Helen Frankenthaler: Paintings

4th March - 30th March 2014

Helen Frankenthaler, Bella Donna, 1987, Acrylic on canvas, 243.8 x 198.1  cms (96 x 78  ins).


“She was a bridge between Pollock and what was possible.” 

 - Morris Louis

Bernard Jacobson is please to announce the exhibition:

Helen Frankenthaler: Paintings, in the New York gallery from March 4th to April 30th, 2014.

Helen Frankenthaler was an extraordinary force.  At a time when women artists scarcely held a position in the Abstract Expressionist milieu, she quietly claimed the cutting edge for a female painter. Her work established a new aesthetic that took a step away from the grand standing of gestural painting to a cooler more contemplative approach. Sanctioned by Clement Greenberg as “post painterly abstraction,” the movement was later termed “color field”.  

Frankenthaler’s innovative technique used thinned out washes of pigment and turpentine that were poured onto the flat replique rolex raw canvas so that the paint soaked into the fiber, staining it.  Her method emphasized the flat surface over illusory depth, creating open light filled luminous structures.

Allowing each work to stand as an individual investigation, Frankenthaler explored various themes. In the current exhibition three large paintings from the 1980’s testify to the fecundity of her approach.

That she was influenced by landscape is clear in the painting, “Quattrocento.” Lush vibrant greens merge with subtle mauves. The translucent quality of the paint is conducive to the quietness of this monumental work.  In “Bella Donna,” a reference perhaps to her Mother’s name and the plant, green is again the dominant hue, but the pigment is denser and the alignment vertical, suggestive of a more rigorous source for this abstract design.  In the painting  “For Chekhov,” it is hard not to see a dying seagull in the foreground. The surrounding elements have the feeling of a theatrical set, arches framing the action center stage.

In another grouping within the exhibition are four ceramic tile paintings. They are all titled, “Thanksgiving Day” and are part of a group that were created during one weekend in 1973 while visiting a ceramic studio in Upstate New York. Frankenthaler produced around one hundred tiles that weekend, each piece the same size and shape, (13 ½ x 17 ½ inches) but each a unique creation.

In this medium Frankenthaler allowed the glaze to run and bleed much as she might have allowed paint to flow on a canvas. Tighter horizontal lines frame the looser movement creating tension and dialogue.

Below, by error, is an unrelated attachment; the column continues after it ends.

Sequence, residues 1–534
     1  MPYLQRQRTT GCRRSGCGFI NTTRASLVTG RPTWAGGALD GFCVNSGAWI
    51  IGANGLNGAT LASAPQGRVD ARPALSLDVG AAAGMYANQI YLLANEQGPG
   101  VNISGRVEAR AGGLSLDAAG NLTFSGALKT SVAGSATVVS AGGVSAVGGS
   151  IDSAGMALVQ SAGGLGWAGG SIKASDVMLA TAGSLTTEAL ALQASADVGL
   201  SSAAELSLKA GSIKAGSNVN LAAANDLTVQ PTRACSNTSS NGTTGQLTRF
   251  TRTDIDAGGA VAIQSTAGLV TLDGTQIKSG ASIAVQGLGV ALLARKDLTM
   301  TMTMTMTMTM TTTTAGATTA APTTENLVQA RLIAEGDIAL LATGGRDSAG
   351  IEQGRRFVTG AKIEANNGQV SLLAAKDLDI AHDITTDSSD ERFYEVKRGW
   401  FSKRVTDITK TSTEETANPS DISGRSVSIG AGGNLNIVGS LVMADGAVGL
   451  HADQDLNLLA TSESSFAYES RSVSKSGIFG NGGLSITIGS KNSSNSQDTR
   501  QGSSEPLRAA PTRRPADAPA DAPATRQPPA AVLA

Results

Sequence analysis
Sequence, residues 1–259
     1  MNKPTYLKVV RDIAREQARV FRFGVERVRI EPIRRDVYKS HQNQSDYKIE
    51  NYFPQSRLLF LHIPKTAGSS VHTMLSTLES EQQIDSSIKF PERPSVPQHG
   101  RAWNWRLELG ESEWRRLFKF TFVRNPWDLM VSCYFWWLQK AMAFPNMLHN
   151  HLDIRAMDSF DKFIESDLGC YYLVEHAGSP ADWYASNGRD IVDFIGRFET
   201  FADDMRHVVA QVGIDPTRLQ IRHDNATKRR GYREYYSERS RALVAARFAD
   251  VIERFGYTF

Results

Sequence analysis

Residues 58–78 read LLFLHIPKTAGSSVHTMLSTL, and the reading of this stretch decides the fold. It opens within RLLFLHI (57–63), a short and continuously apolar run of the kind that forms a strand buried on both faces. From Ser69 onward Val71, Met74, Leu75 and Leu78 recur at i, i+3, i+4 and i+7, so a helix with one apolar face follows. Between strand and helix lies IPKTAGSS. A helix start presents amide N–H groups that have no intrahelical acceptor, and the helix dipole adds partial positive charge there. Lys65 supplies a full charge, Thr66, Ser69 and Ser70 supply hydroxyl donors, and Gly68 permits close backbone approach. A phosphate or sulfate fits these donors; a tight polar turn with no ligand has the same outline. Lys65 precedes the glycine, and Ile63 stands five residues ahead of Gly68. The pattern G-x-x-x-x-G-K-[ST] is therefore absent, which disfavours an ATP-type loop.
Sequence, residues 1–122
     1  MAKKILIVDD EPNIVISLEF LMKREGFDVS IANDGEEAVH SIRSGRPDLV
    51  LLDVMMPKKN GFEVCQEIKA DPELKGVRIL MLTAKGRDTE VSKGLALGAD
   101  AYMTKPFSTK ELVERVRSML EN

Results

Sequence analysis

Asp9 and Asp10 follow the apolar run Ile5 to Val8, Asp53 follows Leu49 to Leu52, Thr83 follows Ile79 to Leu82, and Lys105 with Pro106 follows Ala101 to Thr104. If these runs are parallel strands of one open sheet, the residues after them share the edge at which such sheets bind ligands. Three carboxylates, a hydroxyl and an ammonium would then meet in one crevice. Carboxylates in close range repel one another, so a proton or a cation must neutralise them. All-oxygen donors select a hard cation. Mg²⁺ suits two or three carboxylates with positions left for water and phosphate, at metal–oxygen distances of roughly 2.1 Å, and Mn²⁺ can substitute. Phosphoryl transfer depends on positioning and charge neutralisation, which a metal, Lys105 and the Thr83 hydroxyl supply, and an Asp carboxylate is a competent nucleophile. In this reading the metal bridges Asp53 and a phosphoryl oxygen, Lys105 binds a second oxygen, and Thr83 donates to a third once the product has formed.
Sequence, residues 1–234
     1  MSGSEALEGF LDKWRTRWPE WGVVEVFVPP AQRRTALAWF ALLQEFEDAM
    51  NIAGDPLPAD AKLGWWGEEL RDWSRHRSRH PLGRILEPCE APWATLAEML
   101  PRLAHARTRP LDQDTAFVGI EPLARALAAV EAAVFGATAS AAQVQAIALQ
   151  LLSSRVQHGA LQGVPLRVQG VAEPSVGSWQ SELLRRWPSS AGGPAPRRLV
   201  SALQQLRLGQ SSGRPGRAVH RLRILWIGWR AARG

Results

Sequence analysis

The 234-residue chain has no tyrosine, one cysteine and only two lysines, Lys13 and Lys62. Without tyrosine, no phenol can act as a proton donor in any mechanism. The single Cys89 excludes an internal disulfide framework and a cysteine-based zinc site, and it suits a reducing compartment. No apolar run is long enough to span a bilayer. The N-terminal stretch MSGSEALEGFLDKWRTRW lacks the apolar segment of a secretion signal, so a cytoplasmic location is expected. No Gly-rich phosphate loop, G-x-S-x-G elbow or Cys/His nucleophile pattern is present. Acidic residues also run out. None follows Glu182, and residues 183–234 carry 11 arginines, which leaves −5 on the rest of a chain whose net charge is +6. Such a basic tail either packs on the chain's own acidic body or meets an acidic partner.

Helen Frankenthaler was born in New York City on December 12, 1928. She died at her home in Darien, Connecticut on December 27th, 2011. She has been honored with retrospective exhibitions at the Jewish Museum, New York, in 1960; the Whitney Museum of American Art, New York, 1969; the Solomon R, Guggenheim Museum, New York, 1985 (works on paper); and the Museum of Modern Art, New York, 1989. Her awards and honorary degrees are too numerous to include here.

Notes to Editors

Bernard Jacobson Gallery was founded in 1969, publishing and distributing prints by artists including Robyn Denny, Lucian Freud, David Hockney, Howard Hodgkin, Leon Kossoff, Henry Moore, Richard Smith, Ed Ruscha and William Tillyer. By the mid 1970s, having established himself as one of the major dealers in the international print boom, Jacobson began to show paintings and sculpture. The early 1980s saw the gallery open branches in Los Angeles and New York, expanding the range of international artists to include West Coast American artists such as Joe Goode and Larry Bell as well as modern British masters such as David Bomberg, Ivon Hitchens, Peter Lanyon, Ben Nicholson, William Scott, Stanley Spencer and Graham Sutherland. From 1997, the gallery moved more firmly into American and international art, with shows of artists such as Kenneth Noland, Jules Olitski, Larry Poons and Frank Stella. Recently, the gallery has held shows by the American artists Robert Motherwell and Helen Frankenthaler, Robert Rauschenberg, Roy Lichtenstein and Tom Wesselmann, while European painters include Bram Bogart and replica watches Pierre Soulages and British artists William Tillyer, Bruce McLean and Marc Vaux.

In 2011 the gallery opened a new space in New York on East 71st Street with an inaugural exhibition entitled 60 Years of British Art followed by 21 Americans, the latter showing work by major American artists including Robert Motherwell, Helen Frankenthaler, Roy Lichtenstein and Robert Rauschenberg. Bernard Jacobson Gallery also has a strong presence at major international art fairs participating at The Armory Show, New York; Expo Chicago; Frieze Masters, London; and the prestigious Art Basel fairs in Hong Kong, Basel and Miami Beach.